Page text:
Despite high expectations, the growth of men's health and beauty care products has stalled.
While changes in style and the recent economic decline have hit men's grooming sales, particular segments still demonstrate growth, and the stage seems set for private-label expansion.
Men's grooming grew significantly in the early part of the current decade, but never became the juggernaut some had hoped would emerge.
“We had high expectations once that men's grooming might come into its own, but as a general statement, it isn't growing by leaps and bounds,” said Al Jones, senior vice president of procurement and marketing for Imperial Distributors, Auburn, Mass.
The current economy has hurt, but Jones said a decline in men's grooming has been evident for several years.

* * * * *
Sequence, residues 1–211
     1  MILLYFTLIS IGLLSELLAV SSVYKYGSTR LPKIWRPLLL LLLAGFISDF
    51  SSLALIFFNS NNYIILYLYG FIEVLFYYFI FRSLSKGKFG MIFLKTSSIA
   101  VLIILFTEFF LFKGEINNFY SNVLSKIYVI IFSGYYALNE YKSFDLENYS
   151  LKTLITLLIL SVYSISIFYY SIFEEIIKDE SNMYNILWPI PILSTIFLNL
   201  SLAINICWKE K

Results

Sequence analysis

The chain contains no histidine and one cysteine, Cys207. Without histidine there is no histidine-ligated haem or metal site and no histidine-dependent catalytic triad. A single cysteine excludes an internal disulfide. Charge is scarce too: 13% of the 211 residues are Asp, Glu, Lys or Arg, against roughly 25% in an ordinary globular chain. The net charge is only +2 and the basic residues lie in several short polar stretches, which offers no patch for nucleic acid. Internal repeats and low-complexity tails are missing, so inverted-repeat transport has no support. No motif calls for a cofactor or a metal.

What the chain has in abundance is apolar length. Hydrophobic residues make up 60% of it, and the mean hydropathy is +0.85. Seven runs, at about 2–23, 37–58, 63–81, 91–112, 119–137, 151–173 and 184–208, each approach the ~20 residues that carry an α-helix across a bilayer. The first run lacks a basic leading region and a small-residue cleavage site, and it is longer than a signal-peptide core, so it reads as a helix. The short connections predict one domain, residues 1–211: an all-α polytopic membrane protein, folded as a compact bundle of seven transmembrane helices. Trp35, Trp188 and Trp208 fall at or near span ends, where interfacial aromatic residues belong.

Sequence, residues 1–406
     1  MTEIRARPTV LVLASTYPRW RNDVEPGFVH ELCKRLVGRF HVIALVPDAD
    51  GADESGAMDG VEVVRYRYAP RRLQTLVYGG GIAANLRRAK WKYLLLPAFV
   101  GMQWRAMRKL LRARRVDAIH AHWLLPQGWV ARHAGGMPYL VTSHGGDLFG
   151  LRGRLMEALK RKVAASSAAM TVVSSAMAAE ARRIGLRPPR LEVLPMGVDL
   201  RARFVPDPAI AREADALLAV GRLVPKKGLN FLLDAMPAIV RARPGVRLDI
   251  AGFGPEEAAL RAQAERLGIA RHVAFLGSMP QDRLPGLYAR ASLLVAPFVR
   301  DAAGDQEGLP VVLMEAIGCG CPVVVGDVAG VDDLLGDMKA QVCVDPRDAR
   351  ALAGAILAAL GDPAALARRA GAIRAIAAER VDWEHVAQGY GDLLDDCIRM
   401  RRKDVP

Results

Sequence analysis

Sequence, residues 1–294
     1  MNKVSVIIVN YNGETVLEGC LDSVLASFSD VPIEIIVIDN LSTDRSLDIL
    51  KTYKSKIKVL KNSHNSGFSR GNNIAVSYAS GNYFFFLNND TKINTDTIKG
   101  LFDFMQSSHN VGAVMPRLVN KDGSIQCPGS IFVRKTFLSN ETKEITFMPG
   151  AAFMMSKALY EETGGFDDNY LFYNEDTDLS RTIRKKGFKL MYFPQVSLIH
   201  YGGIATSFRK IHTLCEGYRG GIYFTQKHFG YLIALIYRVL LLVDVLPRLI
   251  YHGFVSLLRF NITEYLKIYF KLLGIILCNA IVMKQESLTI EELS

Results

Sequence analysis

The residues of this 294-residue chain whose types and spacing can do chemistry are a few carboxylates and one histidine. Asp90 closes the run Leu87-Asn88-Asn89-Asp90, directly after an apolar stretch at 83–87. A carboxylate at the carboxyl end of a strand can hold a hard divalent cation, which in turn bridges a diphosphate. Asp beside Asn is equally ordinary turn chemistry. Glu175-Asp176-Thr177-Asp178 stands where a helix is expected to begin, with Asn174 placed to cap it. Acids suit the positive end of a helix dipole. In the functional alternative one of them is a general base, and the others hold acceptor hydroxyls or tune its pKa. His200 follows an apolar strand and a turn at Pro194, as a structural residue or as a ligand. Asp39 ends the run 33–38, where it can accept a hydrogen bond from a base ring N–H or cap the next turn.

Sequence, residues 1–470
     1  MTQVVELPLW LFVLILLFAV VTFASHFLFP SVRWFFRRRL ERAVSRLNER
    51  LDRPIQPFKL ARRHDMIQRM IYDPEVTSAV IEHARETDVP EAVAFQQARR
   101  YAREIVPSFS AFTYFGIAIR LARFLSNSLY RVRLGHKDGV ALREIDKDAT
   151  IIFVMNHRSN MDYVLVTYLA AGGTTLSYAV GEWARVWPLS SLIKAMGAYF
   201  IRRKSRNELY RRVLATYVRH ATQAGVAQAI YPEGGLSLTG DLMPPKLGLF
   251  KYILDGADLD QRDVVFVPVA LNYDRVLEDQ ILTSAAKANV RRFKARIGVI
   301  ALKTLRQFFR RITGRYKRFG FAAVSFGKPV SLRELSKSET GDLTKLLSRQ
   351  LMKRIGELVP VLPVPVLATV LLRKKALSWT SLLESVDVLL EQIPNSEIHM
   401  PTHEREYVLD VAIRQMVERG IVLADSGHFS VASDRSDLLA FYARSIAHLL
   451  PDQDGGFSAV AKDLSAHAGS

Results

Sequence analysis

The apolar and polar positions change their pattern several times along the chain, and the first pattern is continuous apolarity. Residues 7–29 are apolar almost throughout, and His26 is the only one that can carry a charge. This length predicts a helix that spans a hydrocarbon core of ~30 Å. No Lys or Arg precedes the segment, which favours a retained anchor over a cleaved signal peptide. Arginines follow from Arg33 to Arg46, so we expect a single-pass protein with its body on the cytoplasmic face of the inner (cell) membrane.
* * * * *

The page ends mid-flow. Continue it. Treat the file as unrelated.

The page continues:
Statistics from the Nielsen Co., Schaumburg, Ill., bear out that observation. At supermarkets, sales growth of the men's shaving needs and men's toiletries categories had flattened as of four years ago and began to decline two years back. In the 52 weeks ending Nov. 1, shaving needs sales declined by 2.5% to $734.4 million at supermarkets, and men's toiletries sales slid 6.2% to $60.3 million.
Hair care, encompassing all products, has seen essentially flat average numbers over the past four years, declining by 3% in the 52 weeks ending Nov. 1. However, men's hair coloring was an exception, up 1.9% to $35.5 million, while men's hair preparations were up 5.1% to $17.8 million.
Age seems to be an emerging factor in men's grooming. The gains in men's hair coloring may be attributable to older consumers. Yet, young people seem most locked into grooming issues, and restless youth has brought volatility to trends.